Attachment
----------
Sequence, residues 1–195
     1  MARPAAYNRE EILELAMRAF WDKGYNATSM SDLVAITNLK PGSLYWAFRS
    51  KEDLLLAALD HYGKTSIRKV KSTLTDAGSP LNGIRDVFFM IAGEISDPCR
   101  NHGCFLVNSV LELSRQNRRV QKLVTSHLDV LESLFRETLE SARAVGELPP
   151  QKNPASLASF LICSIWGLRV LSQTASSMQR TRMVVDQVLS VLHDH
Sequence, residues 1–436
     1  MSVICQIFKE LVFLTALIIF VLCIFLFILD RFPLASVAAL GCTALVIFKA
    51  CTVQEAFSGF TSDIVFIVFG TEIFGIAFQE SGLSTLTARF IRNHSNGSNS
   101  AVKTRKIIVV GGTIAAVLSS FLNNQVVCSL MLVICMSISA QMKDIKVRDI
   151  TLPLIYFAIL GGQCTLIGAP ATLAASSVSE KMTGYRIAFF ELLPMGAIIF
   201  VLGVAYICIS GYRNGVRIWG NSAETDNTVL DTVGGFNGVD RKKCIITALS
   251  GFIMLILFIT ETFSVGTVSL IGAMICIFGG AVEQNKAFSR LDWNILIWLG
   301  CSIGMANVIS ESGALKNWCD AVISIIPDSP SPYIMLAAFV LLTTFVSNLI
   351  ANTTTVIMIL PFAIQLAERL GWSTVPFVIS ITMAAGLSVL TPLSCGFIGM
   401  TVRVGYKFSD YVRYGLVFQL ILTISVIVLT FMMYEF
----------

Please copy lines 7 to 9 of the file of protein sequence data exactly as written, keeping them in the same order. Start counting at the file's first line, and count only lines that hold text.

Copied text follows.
     1  MSVICQIFKE LVFLTALIIF VLCIFLFILD RFPLASVAAL GCTALVIFKA
    51  CTVQEAFSGF TSDIVFIVFG TEIFGIAFQE SGLSTLTARF IRNHSNGSNS
   101  AVKTRKIIVV GGTIAAVLSS FLNNQVVCSL MLVICMSISA QMKDIKVRDI